With these nasty tricks you will now be ripped off on vacation

If you want to go on vacation this year, you have to dig deep into your pockets. At least if you want to go abroad.

Because of the high kerosene prices, flights are more expensive than they have been for a long time and hotels have to recalculate in view of the increased energy costs. Food and drinks are also more expensive, making breakfast buffets and all-inclusive hotels more expensive.

Despite the high prices, the travel industry is pleased with the increasing number of booking requests.

Spain, Greece, France, Portugal and Italy in particular are very popular in the first post-corona summer. There is a week in Crete in August in a three-star hotel for around 1,400 euros. The so-called Bulgarian Black Sea coast is much cheaper at 389 euros per week. But in addition to hotels and flights, there are also nasty exorbitant prices lurking in the holiday area that you should know about.

Flying drink sales

Are you relaxing on the beach and being offered a cold beer? Flying drinks vendors have established themselves particularly in Italy and Spain. They sell cool drinks. As soon as travelers show interest, the bottle or beverage can is opened and paid for directly. The price is only available afterwards. Those affected should then pay 7 to 9 euros for beer. The highlight is that out of shame, travelers do not return an opened can or bottle or do not want trouble.

  • FOCUS Online advises:
    Ignore such “flying drink vendors”. It is better to visit beach bars or supermarkets nearby and buy drinks there. A beer is around three euros, a cola for two euros.

exchange offices

Especially non-EU countries with high inflation are lucrative for German vacationers. However, other currencies apply in these countries. Black sheep among the exchange offices in the Czech Republic, Turkey or Bulgaria try to rip off holidaymakers.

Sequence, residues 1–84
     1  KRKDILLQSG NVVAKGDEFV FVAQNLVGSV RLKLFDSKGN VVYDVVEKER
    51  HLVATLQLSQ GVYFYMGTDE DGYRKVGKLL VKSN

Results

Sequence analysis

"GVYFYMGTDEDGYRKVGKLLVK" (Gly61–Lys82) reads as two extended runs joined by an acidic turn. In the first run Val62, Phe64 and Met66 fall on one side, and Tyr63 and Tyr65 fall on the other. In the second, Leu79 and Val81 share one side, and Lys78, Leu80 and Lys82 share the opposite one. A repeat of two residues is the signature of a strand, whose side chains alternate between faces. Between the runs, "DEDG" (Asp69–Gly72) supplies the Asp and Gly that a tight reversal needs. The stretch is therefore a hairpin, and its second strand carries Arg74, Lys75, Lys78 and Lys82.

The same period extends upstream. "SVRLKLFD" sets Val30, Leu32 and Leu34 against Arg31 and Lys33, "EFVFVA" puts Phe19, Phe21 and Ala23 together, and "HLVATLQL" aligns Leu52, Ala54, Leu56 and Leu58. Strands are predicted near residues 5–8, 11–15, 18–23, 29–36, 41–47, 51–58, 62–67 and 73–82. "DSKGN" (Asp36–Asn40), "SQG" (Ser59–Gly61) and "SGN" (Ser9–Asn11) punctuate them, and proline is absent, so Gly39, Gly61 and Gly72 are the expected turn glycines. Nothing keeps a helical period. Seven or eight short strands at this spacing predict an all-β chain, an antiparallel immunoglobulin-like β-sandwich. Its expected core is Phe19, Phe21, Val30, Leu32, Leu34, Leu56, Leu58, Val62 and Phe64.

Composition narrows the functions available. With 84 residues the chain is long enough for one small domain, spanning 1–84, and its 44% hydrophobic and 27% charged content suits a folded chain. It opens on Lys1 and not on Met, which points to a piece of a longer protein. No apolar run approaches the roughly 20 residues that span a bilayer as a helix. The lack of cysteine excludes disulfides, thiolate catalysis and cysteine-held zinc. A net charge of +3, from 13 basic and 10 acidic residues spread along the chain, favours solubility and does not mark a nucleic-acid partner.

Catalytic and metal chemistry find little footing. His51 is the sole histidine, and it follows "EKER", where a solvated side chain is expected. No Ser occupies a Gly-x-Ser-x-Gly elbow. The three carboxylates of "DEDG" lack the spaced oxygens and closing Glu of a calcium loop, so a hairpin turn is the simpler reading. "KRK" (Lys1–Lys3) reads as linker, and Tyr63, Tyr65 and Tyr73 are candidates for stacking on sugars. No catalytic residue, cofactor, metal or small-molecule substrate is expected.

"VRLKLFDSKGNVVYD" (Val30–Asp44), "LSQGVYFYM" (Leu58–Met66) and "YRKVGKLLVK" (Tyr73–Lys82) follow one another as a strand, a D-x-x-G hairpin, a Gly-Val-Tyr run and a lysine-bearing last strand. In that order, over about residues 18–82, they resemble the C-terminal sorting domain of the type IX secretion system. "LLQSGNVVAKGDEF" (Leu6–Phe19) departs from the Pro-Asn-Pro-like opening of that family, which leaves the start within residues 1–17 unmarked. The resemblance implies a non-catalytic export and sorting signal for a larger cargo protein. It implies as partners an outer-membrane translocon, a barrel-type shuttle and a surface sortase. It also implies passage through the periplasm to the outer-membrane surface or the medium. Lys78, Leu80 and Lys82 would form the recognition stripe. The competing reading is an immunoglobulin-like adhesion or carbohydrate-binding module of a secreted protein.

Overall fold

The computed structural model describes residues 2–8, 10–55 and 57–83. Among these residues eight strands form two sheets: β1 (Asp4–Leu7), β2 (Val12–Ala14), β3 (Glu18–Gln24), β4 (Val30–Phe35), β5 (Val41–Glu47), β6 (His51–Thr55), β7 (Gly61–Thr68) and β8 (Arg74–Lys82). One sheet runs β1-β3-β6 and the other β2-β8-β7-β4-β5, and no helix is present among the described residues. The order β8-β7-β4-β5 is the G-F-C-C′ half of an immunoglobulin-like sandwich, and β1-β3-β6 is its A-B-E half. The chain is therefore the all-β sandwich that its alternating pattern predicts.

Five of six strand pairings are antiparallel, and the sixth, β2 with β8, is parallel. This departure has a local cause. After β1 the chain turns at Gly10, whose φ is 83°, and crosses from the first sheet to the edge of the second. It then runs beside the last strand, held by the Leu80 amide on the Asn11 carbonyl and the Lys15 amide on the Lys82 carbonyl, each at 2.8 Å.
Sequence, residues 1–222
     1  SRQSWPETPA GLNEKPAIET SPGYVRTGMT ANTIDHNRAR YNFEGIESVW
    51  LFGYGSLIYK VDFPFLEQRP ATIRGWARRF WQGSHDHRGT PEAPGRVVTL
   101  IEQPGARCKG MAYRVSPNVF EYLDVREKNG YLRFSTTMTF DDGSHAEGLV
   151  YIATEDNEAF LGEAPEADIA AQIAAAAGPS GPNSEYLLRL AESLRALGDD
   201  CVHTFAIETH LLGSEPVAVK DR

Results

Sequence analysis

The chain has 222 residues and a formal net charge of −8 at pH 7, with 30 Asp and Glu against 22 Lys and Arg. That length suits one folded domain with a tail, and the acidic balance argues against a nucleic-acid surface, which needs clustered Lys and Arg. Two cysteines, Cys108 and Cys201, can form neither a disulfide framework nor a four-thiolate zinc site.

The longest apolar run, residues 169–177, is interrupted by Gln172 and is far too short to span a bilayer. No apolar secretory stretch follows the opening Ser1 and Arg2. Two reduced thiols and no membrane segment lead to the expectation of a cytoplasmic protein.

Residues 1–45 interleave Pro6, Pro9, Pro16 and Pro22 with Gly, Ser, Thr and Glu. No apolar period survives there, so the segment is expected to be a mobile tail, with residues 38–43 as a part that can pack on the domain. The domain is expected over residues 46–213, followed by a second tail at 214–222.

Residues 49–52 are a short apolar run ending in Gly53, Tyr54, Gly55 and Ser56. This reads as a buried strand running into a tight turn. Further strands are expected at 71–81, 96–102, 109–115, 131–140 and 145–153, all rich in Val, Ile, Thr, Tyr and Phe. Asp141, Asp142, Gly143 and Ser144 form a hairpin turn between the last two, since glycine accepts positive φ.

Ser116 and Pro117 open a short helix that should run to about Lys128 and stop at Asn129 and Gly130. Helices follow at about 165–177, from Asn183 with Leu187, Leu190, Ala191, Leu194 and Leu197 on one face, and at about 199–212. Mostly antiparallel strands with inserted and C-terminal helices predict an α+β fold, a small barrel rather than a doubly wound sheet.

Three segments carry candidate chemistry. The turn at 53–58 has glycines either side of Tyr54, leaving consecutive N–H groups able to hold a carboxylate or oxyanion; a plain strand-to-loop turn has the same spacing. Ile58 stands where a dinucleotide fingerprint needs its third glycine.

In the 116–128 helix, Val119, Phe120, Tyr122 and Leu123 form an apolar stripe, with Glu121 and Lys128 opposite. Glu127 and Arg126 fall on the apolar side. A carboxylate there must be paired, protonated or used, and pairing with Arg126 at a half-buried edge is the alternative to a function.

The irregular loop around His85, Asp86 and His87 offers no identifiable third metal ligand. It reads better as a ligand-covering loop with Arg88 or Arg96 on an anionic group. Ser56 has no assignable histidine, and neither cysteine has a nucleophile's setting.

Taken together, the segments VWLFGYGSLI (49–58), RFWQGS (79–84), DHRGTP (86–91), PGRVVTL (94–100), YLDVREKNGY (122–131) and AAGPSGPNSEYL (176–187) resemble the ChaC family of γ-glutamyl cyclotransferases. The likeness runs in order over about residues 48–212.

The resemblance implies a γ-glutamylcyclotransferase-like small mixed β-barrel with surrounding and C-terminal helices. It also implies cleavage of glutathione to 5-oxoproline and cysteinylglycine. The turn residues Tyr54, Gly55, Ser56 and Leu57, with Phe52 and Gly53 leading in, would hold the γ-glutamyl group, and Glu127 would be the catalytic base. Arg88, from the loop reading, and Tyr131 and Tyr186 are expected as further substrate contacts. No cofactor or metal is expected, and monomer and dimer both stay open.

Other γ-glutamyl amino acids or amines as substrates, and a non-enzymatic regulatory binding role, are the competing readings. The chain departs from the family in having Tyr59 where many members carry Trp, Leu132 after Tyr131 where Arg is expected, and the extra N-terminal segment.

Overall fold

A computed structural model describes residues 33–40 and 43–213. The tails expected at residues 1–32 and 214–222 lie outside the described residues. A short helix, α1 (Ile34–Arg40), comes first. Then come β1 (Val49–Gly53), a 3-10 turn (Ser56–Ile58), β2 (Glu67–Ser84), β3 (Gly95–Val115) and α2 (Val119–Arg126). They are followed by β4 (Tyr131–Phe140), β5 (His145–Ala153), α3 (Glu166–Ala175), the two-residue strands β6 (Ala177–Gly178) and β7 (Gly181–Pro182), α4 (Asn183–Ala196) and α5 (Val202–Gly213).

• FOCUS Online advises:
    Always check the current daily exchange rate – and very important: Be sure to ask at the exchange booth for the current exchange rate and any fees that may apply. Perfidious providers lure with a cheap rate, but then charge a processing fee or a high commission, which can be a maximum of eight percent. At 200 euros that would be 16 euros. In the end, you get less foreign currency for your euro bills.
  • Use only authorized bank exchange offices, often no processing fee or commission is due here. In addition, there is always the current exchange rate.

Ice cream for five euros

Italian associations have already announced price adjustments for ice cream. Two scoops of ice cream are available for around 3 euros on average, Italian media reports unanimously. In the previous year, the average value was 2.50 euros. In highly frequented tourist regions, travelers pay this price for a scoop. In Florence and Venice, some ice cream parlors also advertise prices of up to five euros per scoop.

Travelers will also find similar prices on Mallorca, Malta, Sicily, Gran Canaria, Crete, Corfu and other popular holiday islands.

  • FOCUS Online advises:
    Compare prices at the ice cream parlor and select by location. Prices are higher in front of attractions or on the beach. Locals are also out and about in inner cities. The prices are significantly lower.
  • Watch out for mobile ice cream vendors. In Greece, you can easily pay eight euros for a waffle cone on the beach. It is cheaper to get the ice cream from the kiosk. The magnum ice cream is there for less than four euros.

The trick with the bracelet

In Bulgaria and Greece, promoters repeatedly approach holidaymakers. They want to put a bracelet on those affected and invite them to a party. However, they should make a donation for this. Anyone who pays falls into the rip-off trap. There is no party in the evening. The wristbands are just a ploy to appeal to travelers and swipe the money out of their pockets.

  • FOCUS Online advises:
    No matter how sympathetic you are towards her, refuse to sell you any products, jewelry or bracelets.

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